Even as India goes all out with its Aadhaar identification drive, the US is exploring ways to replace the use of Social Security numbers as the main method of assuring people's identities in the wake of the massive data breach at consumer credit agency Equifax Inc.
White House cybersecurity coordinator Rob Joyce said on Tuesday that he believed the United States should begin to do away with Social Security numbers as a national identification method and move on to something more modern.
Speaking at the Washington Post's Cybersecurity Summit, Joyce - a veteran of the National Security Agency's hacking division - said the time has come from the government to turn to cryptographic identifiers for its citizens.
"I believe the Social Security number has outlived its usefulness," Joyce said, noting that the number cannot be changed even after it has been compromised. ''Every time we use the Social Security number, you put it at risk.''
Social Security numbers are only changed in rare cases, meaning even victims of identity theft are often left using the same number that has already been stolen from them.
The administration has called on federal departments and agencies to look into the vulnerabilities of employing the identifier tied to retirement benefits, as well as how to replace the existing system, according to Joyce.
"It's a flawed system that we can't roll back after a breach," Joyce said. "It's really clear there needs to be a change."
Joyce's comments come just weeks after the data breach at credit reporting firm Equifax that resulted in the theft of personal information including Social Security numbers for as many as 145 million US citizens. The breach effectively compromised the national identification number of nearly half of the entire country.
Former Equifax chief executive Richard Smith, testifying before the House Energy and Commerce Committee in the first of four hearings this week, agreed with Joyce, saying the rising number of hacks involving Social Security numbers have eroded its security value.
At the hearings, lawmakers from both parties expressed outrage over the size of the breach as well as the company's response and grilled Smith on the timeline of the incident, including when top executives learned about it.
''The concept of a Social Security number in this environment being private and secure - I think it's time as a country to think beyond that,'' Smith said. ''What is a better way to identify consumers in our country in a very secure way? I think that way is something different than an SSN, a date of birth and a name.''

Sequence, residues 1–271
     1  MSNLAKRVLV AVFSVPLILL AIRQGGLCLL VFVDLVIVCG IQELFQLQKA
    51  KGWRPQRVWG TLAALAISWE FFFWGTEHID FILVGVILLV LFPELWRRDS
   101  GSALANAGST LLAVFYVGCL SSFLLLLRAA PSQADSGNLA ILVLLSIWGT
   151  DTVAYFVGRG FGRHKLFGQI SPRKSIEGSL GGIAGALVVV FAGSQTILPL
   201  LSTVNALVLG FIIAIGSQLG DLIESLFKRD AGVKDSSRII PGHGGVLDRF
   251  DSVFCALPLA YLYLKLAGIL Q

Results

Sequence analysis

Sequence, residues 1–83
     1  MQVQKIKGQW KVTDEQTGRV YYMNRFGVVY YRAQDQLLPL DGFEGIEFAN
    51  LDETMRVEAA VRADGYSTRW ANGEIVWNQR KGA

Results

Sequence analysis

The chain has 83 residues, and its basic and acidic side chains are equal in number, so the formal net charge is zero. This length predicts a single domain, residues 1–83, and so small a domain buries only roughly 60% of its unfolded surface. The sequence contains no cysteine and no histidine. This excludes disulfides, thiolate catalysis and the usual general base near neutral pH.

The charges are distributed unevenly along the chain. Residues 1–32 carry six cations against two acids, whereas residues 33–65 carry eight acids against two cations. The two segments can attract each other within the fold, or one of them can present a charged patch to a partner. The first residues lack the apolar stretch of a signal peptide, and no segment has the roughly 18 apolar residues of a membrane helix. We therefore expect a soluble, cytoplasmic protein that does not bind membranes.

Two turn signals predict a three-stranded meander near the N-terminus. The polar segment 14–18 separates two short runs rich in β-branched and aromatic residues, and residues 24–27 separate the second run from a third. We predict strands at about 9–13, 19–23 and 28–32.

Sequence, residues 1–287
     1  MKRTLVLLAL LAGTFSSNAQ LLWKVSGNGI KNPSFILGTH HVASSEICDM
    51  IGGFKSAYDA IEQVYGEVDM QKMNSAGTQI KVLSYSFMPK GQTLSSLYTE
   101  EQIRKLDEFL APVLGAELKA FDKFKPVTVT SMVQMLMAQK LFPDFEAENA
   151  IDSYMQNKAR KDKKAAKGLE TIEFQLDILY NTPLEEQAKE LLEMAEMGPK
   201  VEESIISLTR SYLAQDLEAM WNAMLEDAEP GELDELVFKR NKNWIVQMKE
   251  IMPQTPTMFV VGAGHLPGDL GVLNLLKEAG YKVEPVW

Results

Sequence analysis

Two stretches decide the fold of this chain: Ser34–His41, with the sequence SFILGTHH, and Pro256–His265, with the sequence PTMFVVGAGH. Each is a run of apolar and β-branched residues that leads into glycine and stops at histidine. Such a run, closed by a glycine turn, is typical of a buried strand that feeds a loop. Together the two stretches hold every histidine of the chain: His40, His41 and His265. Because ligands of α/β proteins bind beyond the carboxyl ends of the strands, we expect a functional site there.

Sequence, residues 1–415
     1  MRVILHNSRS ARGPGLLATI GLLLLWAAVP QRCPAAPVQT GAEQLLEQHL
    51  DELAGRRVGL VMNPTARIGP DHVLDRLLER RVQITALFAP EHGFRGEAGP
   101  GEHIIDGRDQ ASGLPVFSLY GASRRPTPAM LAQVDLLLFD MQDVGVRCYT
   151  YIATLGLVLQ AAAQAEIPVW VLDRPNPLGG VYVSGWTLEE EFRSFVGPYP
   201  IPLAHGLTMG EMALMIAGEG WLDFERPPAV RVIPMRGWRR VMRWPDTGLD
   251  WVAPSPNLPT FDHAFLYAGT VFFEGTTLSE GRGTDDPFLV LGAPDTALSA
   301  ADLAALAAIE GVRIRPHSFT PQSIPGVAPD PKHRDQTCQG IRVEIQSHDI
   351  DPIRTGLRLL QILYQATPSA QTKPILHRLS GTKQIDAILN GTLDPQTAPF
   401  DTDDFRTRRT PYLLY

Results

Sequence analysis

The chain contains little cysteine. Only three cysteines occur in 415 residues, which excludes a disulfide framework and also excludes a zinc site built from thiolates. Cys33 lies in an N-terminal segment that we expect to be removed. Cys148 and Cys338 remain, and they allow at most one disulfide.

In response to the breach Equifax has provided consumers with credit monitoring services and other tools designed to help protect their identity. But the compromised Social Security numbers will put those Americans at risk for the rest of their lives, and their personal information will likely be sold and traded online among criminals and other malicious elements.
Talking to Bloomberg, Bruce Schneier, a fellow at Harvard's Kennedy School of Government, pointed to India's wide-scale rollout of Aadhaar, a unique number provided after collecting biometric information. ''In the US, a more secure system could be designed, but magic math costs money,'' he said.
Joyce has reportedly raised the issue of ditching Social Security numbers with the Trump administration, where he is a special adviser. The administration has in turn asked federal departments and agencies to look into the vulnerabilities associated with the current system and how to go about replacing it with a newer, more secure alternative.
''It's a flawed system that we can't roll back that risk after we know we've had a compromise,'' Joyce said. ''I personally know my Social Security number has been compromised at least four times in my lifetime. That's just untenable.''
He had a suggestion for a replacement for SSNs: a ''modern cryptographic identifier'' like public and private keys. These keys utilize encryption methods to authenticate an individual. A person has a public key that is accessible by anyone who wants to communicate with them and a private key that only they hold. That private key must be verified in order to receive or send a message.
The administration is also participating in discussions Congress is having about the requirements of protecting personal data and breach notifications for companies.
The US government began issuing Social Security numbers in 1936. Nearly 454 million different numbers have been issued, according to the Social Security Administration. Supplanting such an ingrained apparatus would not happen overnight.
The original intent was to track US workers' earning to determine their Social Security benefits. But the rise of computers, government agencies and companies found new uses for the number, which gradually grew into a national identifier.